Senator Jeanne Shaheen on Congressional Support for Ukraine and Shoring Up Democracy in The Balkans | Live from the Halifax International Security Forum
Senator Jeanne Shaheen, Democrat from New Hampshire, lead a large bi-partisan Congressional delegation to the Halifax International Security Forum in Halifax, Nova Scotia in mid-November. We just days after the US House of Representatives was confirmed to flip to Republican control following the US mid terms. With that change in power comes a degree of uncertainty around the extent to which Congress can be relied upon to continue its support for Ukraine's defense.
Senator Shaheen discusses how Congress' approach to Ukraine may change when the Republicans gain control of the house next year, as well as the situation in the western Balkans, where Senator Shaheen recently returned from an official trip to the region in which she observed the Bosnian elections. She explains how Russian meddling may undermine democratic gains in the region and how Congress can better support democracy in the region.
Meet Jamila Afghani, 2022 Laureate of the Aurora Prize For Awaking Humanity
In this episode, we speak with Jamila Afghani, the 2022 Laureate of the Aurora Prize For Awaking Humanity, which is a prestigious annual award conferred to grassroots human rights defenders.
Jamila Afghani is a the founder of the local Afghan NGO Noor Educational and Capacity Development Organization, which among other things supports girls education in Afghanistan. She founded the organization as a refugee in Pakistan but then established it in Afghanistan just months after the Taliban were ousted from power in 2001. For the last twenty years, her NGO has supported girls and women throughout Afghanistan -- and even today, with the country back under Taliban, the work continues.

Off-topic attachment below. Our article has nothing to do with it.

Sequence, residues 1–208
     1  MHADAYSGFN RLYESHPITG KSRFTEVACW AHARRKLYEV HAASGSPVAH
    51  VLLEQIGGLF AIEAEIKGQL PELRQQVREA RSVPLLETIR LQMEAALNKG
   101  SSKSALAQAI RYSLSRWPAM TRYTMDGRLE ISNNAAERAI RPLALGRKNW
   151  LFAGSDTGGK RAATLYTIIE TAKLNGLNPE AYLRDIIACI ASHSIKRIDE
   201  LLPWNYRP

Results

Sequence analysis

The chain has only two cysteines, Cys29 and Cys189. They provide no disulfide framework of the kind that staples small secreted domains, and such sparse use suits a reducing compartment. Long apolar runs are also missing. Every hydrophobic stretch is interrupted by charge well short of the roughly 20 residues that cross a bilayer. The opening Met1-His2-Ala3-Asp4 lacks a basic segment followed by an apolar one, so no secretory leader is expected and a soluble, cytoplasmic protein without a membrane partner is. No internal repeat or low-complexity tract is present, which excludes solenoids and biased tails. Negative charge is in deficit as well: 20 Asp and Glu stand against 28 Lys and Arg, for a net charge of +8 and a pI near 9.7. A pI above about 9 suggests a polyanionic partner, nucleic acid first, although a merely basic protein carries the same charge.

In our conversation, Jamila Afghani explains how and why she began work as a civil society leader, which also includes a leadership position with Women's International League for Peace and Freedom. She also discusses how she fled Afghanistan in August 2021 and continues to lead her NGO, but now as a refugee in Canada.
Better Know John Maynard Keynes
John Maynard Keynes died 74 years ago, but his ideas are surprisingly relevant to understanding the world today. Though primarily known for his pioneering economic ideas, a new biography shows Keynes profound influence on international relations -- an influence that can be felt to this day.
Zachary Carter, Senior Reporter with HuffPost and author of the The Price of Peace: Money, Democracy, and the Life of John Maynard Keynes, discusses Keynes' impact on international relations and why his ideas are still sparking debates about the relationship between economics and peace today.
I’ve been listening for years, probably my first podcast I really started to listening to right as I was getting out of college. If you are interested in global development, intl relationship, social science, history, current geo-political topics, etc…this is the place for you.
As someone who works in international development, I greatly appreciate this podcast. The discussions are insightful and informative. The podcast production value is high. And I really like the breadth and depth of the coverage.
I was looking for a podcast to keep me more informed with what goes on in the world. I came across this one and I’m happy to have found it! Great topics being discussed and it’s very non-biased and great host!!